Transexamic Acid and Trauma

Journal Club Synopsis: Tranexamic acid:  From the Battlefield to the Trauma Center


Thanks to Branka for hosting at her glam club room, and to all the presenters:  Nick, Paarul, Robbie, Beau, Linsey and Dave.


By way of background, tranexamic acid (TXA) is an inexpensive (about 100 $/dose) synthetic derivative of the amino acid lysine, and inhibits fibrinolysis by blocking lysine binding sites on plasminogen.  In the setting of surgery, it’s been used to help decrease the need for blood transfusion.  More recently, it’s been investigated in trauma patients, as the hemostatic responses to surgery and trauma are thought to be similar.


Article 1:

CRASH-2 Trial Collaborators. Effects of tranexamic acid on death, vascular occlusive events, and blood transfusion in trauma patients with significant haemorrhage (CRASH-2): a randomised, placebo-controlled trial. Lancet 2010;376:23-32.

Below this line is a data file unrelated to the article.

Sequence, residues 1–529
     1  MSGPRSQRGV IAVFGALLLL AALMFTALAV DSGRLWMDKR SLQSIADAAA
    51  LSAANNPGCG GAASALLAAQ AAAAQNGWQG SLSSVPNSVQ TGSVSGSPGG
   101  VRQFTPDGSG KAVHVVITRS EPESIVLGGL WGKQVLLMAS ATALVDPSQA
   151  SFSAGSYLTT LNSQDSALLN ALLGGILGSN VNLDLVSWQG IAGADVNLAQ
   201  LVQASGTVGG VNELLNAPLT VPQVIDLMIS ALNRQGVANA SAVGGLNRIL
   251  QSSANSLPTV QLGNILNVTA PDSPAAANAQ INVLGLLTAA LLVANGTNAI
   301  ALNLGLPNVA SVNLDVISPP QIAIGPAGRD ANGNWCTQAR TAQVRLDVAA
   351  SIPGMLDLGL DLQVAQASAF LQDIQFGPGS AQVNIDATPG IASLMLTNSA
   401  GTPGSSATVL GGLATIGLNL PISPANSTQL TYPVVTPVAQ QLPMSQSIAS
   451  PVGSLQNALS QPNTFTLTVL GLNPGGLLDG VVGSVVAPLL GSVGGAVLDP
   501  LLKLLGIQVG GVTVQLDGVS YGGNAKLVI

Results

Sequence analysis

CRASH-2 was a RCT conducted in 274 hospitals in 40 countries, and included 20,211 adult trauma patients with or at risk for significant bleeding.  Patients were randomized to either TXA or placebo.  The primary outcome was all cause mortality at 4 weeks, and was significantly reduced in the TXA group (14.5% TXA versus 16.0% placebo, RR 0.91, 95% CI 0.85-0.97; p = 0.0035).  This absolute risk reduction in mortality of 1.5% translates to a NNT of 67.  There was also a significant reduction in the risk of death due to bleeding (4.9% TXA, 5.7% placebo).  As the mechanism of action of TXA is inhibition of fibrinolysis, question possibility of increased clotting risk, but there was no significant difference in the rate of thrombosis in the 2 groups.


So what are the criticisms?  First, many of the centers involved are in developing countries, and likely do not have the same level of trauma care as in the US.  The CRASH-2 investigators attempted to address this by performing an outcomes analysis by continent, and stated that the positive effects of TXA persisted.